Something deeply unsatisfying happened Saturday night, likely for the first-time ever in a century of professional Montreal hockey games.
A team was credited with a goal without the goal ever going over the red line in the net.
We all agree what a goal is, don't we? Quite simple: as one website describes it as. "In order for a goal to be valid, the puck must pass over the goal line."
Rene Bourque was heading towards the empty net, vacated when Brian Boucher vacated his goal for an extra skater, with the puck. He was tripped in a desperation move by the Flyers' defenseman Jakub Voracek and lost the puck.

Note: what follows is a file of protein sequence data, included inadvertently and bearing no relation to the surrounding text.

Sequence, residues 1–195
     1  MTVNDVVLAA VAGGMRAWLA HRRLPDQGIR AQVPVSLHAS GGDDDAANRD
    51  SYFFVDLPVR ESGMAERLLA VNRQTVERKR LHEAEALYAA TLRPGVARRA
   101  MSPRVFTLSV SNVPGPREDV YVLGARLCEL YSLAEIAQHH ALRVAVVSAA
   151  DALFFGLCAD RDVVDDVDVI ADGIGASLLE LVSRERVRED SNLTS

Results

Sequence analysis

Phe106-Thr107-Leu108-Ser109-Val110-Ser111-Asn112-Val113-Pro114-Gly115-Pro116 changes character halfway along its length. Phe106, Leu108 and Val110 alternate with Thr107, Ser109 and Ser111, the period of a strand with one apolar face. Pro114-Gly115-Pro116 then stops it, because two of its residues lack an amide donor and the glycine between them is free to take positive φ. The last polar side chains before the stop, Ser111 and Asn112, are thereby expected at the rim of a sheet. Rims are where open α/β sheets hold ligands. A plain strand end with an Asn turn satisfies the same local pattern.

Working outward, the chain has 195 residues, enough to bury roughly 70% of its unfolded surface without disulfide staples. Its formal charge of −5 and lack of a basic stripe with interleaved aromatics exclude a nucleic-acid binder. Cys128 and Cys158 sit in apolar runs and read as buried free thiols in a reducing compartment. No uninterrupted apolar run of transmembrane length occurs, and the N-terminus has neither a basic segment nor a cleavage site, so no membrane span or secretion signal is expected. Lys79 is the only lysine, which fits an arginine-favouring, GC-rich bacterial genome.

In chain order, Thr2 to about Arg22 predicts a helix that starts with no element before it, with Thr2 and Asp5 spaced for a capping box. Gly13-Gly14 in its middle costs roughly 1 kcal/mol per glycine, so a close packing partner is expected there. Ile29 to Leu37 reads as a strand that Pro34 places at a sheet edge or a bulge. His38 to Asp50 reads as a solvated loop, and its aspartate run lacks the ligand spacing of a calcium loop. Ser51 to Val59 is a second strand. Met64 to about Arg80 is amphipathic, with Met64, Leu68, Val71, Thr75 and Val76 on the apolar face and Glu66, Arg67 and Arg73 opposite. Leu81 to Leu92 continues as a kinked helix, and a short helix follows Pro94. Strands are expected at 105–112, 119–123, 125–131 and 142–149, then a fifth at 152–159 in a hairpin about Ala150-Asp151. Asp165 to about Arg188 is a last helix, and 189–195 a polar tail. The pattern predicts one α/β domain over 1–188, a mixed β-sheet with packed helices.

The referee deemed that Bourque would have scored if he hadn't have been hauled down, so he credited the Habs with a goal even though the puck never went in the net.
So referees are now empowered, according to Rule 57.4,* to reward discretionary goals based on their own imagination of what might have happened, regardless of whether the puck ever actually enters the net.
There is a solution to eliminate this awkwardness.
Reward empty-net penalty shots in cases where a player is obstructed on the way to a sure empty-net goal.
It might seem ridiculous to see a player go in against an empty net, but no more so than the intentional walk in baseball and it would give the crowd the satisfaction of knowing that a goal was actually a goal.
*If, when the opposing goalkeeper has been removed from the ice, a player in control of the puck in the neutral or attacking zone is tripped or otherwise fouled with no opposition between him and the opposing goal, thus preventing a reasonable scoring opportunity, the Referee shall immediately stop play and award a goal to the attacking team.